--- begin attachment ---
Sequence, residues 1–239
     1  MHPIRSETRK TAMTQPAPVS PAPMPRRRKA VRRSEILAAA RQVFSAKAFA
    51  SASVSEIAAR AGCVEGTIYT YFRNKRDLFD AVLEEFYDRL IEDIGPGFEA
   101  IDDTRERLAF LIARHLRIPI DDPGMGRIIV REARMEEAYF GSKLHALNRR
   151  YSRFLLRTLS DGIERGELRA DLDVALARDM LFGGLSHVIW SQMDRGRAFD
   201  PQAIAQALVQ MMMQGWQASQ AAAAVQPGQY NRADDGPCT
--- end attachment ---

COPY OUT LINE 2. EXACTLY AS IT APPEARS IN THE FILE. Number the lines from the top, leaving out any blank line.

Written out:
     1  MHPIRSETRK TAMTQPAPVS PAPMPRRRKA VRRSEILAAA RQVFSAKAFA